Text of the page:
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Vevo Hires Nielsen Digital Exec as First Revenue Chief

Jonathan Carson Plans to Make the Rounds to Madison Avenue

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Like a lot of internet video companies, Vevo is pressing hard for ad dollars that would otherwise go to TV. That might explain why it's turning to the standard in TV measurement -- Nielsen -- for its first revenue chief.

Nielsen exec Jonathan Carson will join the four-year-old company to manage Vevo's roughly 75-person sales team, reporting to company president and CEO Rio Caraeff. Vevo lost its former sales chief David Kohl in the spring.

Jonathan Carson
Jonathan Carson

Mr Carson joined Nielsen as the company's digital chief executive after selling the social analytics firm he co-founded, BuzzMetrics, to the measurement company in 2007. While at Nielsen, he focused on the convergence of traditional and digital media. Media companies and media buyers continue to sort out that shift, and Mr. Carson is betting digital networks like Vevo will take a bigger role in marketer plans in the future.

The measurement expertise Mr. Carson honed while at Nielsen may come in particularly handy as Vevo looks to further expand its business outside of YouTube and package those properties and audiences to media buyers more attuned to TV. And that's why Mr. Carson will continue making the rounds to Madison Avenue.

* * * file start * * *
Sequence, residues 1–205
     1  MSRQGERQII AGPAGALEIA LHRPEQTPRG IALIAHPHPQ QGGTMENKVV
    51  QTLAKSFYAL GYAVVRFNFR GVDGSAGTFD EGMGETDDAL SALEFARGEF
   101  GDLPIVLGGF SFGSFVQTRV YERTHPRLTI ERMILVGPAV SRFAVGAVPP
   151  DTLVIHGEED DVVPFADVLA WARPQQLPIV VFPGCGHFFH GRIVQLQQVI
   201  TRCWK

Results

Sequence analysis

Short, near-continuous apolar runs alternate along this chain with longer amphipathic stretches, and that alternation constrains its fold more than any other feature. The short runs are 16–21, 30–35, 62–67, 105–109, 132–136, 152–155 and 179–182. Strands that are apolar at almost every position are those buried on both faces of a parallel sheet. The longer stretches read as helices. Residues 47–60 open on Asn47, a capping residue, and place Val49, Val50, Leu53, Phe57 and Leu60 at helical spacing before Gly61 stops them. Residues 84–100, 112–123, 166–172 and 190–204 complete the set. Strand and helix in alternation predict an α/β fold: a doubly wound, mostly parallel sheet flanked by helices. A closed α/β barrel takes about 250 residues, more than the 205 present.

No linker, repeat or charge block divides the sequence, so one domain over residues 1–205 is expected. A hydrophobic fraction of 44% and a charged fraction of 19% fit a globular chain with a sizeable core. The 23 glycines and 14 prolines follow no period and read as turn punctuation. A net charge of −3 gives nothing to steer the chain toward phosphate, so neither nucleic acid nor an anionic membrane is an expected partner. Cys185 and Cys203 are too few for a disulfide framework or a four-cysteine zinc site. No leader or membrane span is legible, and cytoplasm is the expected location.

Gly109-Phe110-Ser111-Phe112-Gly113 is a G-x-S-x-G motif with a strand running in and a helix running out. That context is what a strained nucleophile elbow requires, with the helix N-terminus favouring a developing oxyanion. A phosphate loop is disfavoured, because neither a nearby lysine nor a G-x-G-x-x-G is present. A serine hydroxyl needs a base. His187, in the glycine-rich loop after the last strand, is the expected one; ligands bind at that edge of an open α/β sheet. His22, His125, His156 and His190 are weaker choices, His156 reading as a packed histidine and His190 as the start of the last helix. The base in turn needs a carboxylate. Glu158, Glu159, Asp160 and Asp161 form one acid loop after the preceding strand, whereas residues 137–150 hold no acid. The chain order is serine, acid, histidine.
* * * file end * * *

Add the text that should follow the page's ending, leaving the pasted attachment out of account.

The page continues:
"I'll be out there on the street. I was super-involved with both the media companies and the advertisers and agency clients when I was at Nielsen. That's part of what attracted me to this role," Mr. Carson said.

Vevo has been aggressive in attempting to diversify its distribution, which was once overwhelmingly tied to YouTube but that's changing. Mr. Caraeff told Ad Age in June that 30% to 40% of Vevo's U.S. video streams come outside of YouTube. The company runs its own site and mobile apps as well as apps on Apple TV, video streaming device Roku and Microsoft's Xbox gaming console. Vevo is one of a minority of YouTube partners to sell its own ads on YouTube, meaning Vevo can bundle those buys with its owned-and-operated properties.

Like many online video companies that stream videos on YouTube, the video site gets a split of those ad revenues (typically 45% for funded partners like Vevo). Then Vevo must also cut out some money for the record labels behind the music videos and account for any back-end costs to stream videos on its owned-and-operated properties.

Mr. Carson pinpointed the living room, mobile and international as three growth areas he plans to explore. He will also likely need to grapple with how to grow Vevo's business in proportion to YouTube's share of it.

Vevo is one of YouTube's largest partners, and the Google-owned company took a stake in the music video service this summer as part of a new distribution deal. Mr. Carson said that he worked closely with Google and YouTube while at Nielsen and looks forward to continuing the relationship at Vevo.

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